Once upon a time, a person could seek out silence and find it. But nowadays, silence has become a rare and elusive thing. Without humans protecting it, the quiet appears and disappears like an endangered species. That which used to dominate the earth for miles at a time and days on end is on the run.
The last time silence turned up in my life was in a chain drugstore. I was standing in a brightly lit, 8,000-square-foot room of strangers when suddenly the cash registers stopped humming, the fluorescent lights ceased buzzing, and the refrigerators whirred to a halt. After a few random exclamations in the dark, an elderly woman could be heard in the next aisle informing everyone in a calm voice that this was a planned blackout by the utility company.
The mystery solved, the store fell silent. Most of us shared the moment without speaking, and those who spoke dropped their voices to near whispers. Without even communicating, it seemed that some universal, mostly dormant part of human nature came back to life in all of us.
Quiet is a commons. It feels good. And instinctively, no one wanted to ruin it. The entire place, it seemed, was heaving a communal sigh of relief.
In contrast, on the day when I go searching for quiet and visit the cemetery where my mother is buried, a gardener driving a motorized lawn mower rips around trying to set what appears to be a new world's record for box turns at high speeds.
A hike to the mountains gets invaded by the thumping of a helicopter. Vows at an outdoor wedding are drowned out by a jet's overhead roar. A picnic in the park is crashed by tree trimmers.
Weekday mornings in the neighborhood, after all the commuters have left for work, used to be a predictable haven for solitude. But suburban gardening has taken on the sounds of a full-fledged massacre. Landscape crews roar in with power edgers, mowers, hedgers, weed whackers, and the dreaded leaf blowers. In trimming up lawns that no one sits on, bushes no one eats, and sidewalks that mostly dogs walk on, they have made more noise in one morning than a person living 200 years ago may have heard in an entire lifetime.
Noise has taken over the space once dominated by quiet. Our motorized, highly useful, timesaving tools have destroyed it. And, despite the fact that there are numbers and data to support lowering our societal noise levels, the world is far from taking serious steps to get it back. Researchers classify 20 percent of the population as "supersensitive" to noise and 25 percent as "imperturbable." The rest of us, I suspect, are just annoyed by the increasingly loud drone of existence.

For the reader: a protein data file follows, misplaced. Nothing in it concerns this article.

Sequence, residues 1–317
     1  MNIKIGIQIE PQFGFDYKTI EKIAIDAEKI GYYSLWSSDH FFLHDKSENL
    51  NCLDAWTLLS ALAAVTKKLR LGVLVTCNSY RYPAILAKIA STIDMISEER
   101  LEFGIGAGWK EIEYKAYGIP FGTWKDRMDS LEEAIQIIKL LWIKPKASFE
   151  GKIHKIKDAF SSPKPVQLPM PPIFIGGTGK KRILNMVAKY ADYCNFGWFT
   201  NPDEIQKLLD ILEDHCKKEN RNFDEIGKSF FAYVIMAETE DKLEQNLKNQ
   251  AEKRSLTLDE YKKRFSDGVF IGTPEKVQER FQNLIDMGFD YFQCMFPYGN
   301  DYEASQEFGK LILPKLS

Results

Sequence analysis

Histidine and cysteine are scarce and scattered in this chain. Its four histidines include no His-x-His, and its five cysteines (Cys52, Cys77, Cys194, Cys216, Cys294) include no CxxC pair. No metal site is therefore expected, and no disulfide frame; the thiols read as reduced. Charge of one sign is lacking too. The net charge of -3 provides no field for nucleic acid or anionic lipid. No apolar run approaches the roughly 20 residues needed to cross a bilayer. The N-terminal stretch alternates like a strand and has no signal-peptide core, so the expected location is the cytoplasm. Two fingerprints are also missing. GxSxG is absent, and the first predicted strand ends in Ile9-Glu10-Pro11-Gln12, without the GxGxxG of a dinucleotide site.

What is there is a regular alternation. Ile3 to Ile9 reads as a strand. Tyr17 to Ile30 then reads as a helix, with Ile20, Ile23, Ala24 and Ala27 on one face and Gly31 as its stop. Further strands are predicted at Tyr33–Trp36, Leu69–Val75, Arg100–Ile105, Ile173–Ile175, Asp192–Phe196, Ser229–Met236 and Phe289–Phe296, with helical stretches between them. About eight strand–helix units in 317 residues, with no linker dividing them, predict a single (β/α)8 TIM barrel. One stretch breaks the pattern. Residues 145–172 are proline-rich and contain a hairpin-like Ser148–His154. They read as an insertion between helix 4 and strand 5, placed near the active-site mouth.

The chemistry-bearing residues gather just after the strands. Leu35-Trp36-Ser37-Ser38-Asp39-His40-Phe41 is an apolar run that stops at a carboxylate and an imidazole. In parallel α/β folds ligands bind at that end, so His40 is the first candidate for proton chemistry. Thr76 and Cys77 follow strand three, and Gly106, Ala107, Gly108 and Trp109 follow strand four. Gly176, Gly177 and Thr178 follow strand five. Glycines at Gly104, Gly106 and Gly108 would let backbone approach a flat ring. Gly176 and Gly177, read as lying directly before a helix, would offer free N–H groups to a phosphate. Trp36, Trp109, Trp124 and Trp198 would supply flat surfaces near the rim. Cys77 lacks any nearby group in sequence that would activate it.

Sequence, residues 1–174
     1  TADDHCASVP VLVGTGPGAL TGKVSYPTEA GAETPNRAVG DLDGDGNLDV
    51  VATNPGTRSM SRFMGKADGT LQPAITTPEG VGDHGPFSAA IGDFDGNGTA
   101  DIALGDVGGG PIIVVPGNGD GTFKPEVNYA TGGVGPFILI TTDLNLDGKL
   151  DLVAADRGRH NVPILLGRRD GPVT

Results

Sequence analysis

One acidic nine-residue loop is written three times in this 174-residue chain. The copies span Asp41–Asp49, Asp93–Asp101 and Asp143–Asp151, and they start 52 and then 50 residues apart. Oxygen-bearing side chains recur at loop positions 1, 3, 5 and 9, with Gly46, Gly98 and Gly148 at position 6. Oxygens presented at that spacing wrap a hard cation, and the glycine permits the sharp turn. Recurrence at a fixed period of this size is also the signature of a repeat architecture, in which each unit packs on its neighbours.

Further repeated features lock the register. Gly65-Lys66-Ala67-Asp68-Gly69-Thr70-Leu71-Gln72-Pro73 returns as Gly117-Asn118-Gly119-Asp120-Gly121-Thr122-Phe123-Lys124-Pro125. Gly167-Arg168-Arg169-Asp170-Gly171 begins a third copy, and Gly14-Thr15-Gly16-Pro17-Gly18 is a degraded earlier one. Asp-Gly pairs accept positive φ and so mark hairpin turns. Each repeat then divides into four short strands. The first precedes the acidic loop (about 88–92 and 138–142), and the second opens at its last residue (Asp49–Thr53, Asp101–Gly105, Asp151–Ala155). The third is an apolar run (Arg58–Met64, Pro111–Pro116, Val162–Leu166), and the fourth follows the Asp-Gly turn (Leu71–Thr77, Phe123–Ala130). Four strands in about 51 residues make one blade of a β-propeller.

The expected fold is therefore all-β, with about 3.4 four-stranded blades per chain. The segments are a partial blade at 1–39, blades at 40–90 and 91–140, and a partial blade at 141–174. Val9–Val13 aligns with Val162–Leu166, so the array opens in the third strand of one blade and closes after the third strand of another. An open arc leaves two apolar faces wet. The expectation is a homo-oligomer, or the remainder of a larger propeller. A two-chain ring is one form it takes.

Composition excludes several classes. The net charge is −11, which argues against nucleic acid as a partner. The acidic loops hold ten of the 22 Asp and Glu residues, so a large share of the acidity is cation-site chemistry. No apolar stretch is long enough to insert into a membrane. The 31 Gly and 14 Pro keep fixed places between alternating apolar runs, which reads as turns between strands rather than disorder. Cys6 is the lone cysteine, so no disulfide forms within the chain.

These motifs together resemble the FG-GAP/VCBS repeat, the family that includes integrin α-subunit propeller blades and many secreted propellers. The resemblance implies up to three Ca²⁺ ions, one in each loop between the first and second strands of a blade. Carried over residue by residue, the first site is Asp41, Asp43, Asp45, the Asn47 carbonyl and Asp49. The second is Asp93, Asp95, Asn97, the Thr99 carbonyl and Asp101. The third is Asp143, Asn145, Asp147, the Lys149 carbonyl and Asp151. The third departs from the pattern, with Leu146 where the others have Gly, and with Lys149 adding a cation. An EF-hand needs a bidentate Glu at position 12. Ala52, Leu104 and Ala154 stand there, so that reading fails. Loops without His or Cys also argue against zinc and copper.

For years, the case against noise centered around hearing loss. Mounting evidence, however, suggests that intrusive, irritating sounds are linked to higher blood pressure, lower productivity, and higher serum-cholesterol levels.
Studies have also shown that in the presence of continuous noise, people are less caring, communicative, and reflective. Extreme noise has been found to give the listener a sense of helplessness and powerlessness. Hospital noise has been shown to slow healing. Basically, noise causes so many horrible things that it's a wonder there aren't warning labels tacked to the sides of vacuum cleaners.
These reactions occur because humans evolved in quieter environments, where loud sounds were rare and often signaled danger. There was a time when the sound of something as loud as a jet meant that an avalanche was about to bury the village. When the extended whine of something as high pitched as a two-stroke engine meant that the clan was under savage attack.
Canadian scientist R. Murray Schafer believes that we ignore or passively adjust to what he has identified as the "soundscape" rather than notice it and pay attention to our reactions to it. But by shutting out sound, he asserts, we shut out other perceptions as well. Perceptions about our feelings and our health. It's what you might call the "numbing down" of the population.
Hence it was easy for all of us, after our experience in the drugstore, to fire up the engines of our cars and drive home through traffic, beneath the jets and past the sirens, thumping stereos, and jack hammering road crews. Home we went to our coffee grinders and food processors and Interplak toothbrushes.
Noise has become a fact of life, and few of us would know where to begin to turn down the volume in our lives.
Next week I have planned a getaway for myself and a friend to the mountains of the Southwest. We are staying, appropriately enough, in a place called Solitude, which I do not convince myself for one minute is any guarantee of anything at all. It only takes a construction project, a music system run by teen-agers, a rug shampooer, or a bevy of landscapers to reduce solitude to a word.
But still, I'm willing to risk a flight, several hundred dollars, and valuable time off work for the chance that I will find myself suspended in that ancient and precious space where the absence of bombardments peels away my layers of resistance, one by one. Where I can reclaim my God-given right to hear the Earth, to hear myself think, to find peace in the quiet.
Corinne Asturias is managing editor of Metro, one of Northern California's largest alternative newspapers. She is currently writing a book about the impact of noise on humans and their environments.